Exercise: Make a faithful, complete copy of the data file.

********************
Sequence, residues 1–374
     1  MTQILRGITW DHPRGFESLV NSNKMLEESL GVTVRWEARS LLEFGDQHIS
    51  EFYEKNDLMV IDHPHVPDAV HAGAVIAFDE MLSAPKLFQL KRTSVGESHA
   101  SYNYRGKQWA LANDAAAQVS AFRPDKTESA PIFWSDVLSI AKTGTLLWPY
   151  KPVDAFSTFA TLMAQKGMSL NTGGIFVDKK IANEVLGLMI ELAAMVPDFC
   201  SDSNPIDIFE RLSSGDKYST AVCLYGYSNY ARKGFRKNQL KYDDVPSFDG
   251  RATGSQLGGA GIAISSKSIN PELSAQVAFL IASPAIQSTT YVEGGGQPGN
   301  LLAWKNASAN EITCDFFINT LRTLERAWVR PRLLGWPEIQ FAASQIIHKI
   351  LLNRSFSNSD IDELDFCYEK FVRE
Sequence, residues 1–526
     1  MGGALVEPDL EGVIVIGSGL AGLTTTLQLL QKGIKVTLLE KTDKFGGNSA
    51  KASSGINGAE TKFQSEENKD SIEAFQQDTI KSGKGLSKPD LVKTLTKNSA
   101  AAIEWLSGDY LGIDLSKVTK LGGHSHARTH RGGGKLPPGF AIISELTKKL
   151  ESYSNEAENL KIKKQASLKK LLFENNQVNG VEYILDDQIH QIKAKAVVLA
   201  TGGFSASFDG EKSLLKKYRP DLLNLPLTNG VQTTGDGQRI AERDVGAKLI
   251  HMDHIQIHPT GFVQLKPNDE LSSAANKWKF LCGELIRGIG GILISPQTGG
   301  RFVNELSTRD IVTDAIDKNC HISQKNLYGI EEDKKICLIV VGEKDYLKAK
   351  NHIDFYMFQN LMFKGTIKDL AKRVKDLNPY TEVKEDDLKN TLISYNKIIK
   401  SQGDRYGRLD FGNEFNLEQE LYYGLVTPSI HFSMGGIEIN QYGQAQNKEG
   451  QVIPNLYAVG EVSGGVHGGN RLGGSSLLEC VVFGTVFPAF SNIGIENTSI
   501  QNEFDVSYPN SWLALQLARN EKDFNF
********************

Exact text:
Sequence, residues 1–374
     1  MTQILRGITW DHPRGFESLV NSNKMLEESL GVTVRWEARS LLEFGDQHIS
    51  EFYEKNDLMV IDHPHVPDAV HAGAVIAFDE MLSAPKLFQL KRTSVGESHA
   101  SYNYRGKQWA LANDAAAQVS AFRPDKTESA PIFWSDVLSI AKTGTLLWPY
   151  KPVDAFSTFA TLMAQKGMSL NTGGIFVDKK IANEVLGLMI ELAAMVPDFC
   201  SDSNPIDIFE RLSSGDKYST AVCLYGYSNY ARKGFRKNQL KYDDVPSFDG
   251  RATGSQLGGA GIAISSKSIN PELSAQVAFL IASPAIQSTT YVEGGGQPGN
   301  LLAWKNASAN EITCDFFINT LRTLERAWVR PRLLGWPEIQ FAASQIIHKI
   351  LLNRSFSNSD IDELDFCYEK FVRE
Sequence, residues 1–526
     1  MGGALVEPDL EGVIVIGSGL AGLTTTLQLL QKGIKVTLLE KTDKFGGNSA
    51  KASSGINGAE TKFQSEENKD SIEAFQQDTI KSGKGLSKPD LVKTLTKNSA
   101  AAIEWLSGDY LGIDLSKVTK LGGHSHARTH RGGGKLPPGF AIISELTKKL
   151  ESYSNEAENL KIKKQASLKK LLFENNQVNG VEYILDDQIH QIKAKAVVLA
   201  TGGFSASFDG EKSLLKKYRP DLLNLPLTNG VQTTGDGQRI AERDVGAKLI
   251  HMDHIQIHPT GFVQLKPNDE LSSAANKWKF LCGELIRGIG GILISPQTGG
   301  RFVNELSTRD IVTDAIDKNC HISQKNLYGI EEDKKICLIV VGEKDYLKAK
   351  NHIDFYMFQN LMFKGTIKDL AKRVKDLNPY TEVKEDDLKN TLISYNKIIK
   401  SQGDRYGRLD FGNEFNLEQE LYYGLVTPSI HFSMGGIEIN QYGQAQNKEG
   451  QVIPNLYAVG EVSGGVHGGN RLGGSSLLEC VVFGTVFPAF SNIGIENTSI
   501  QNEFDVSYPN SWLALQLARN EKDFNF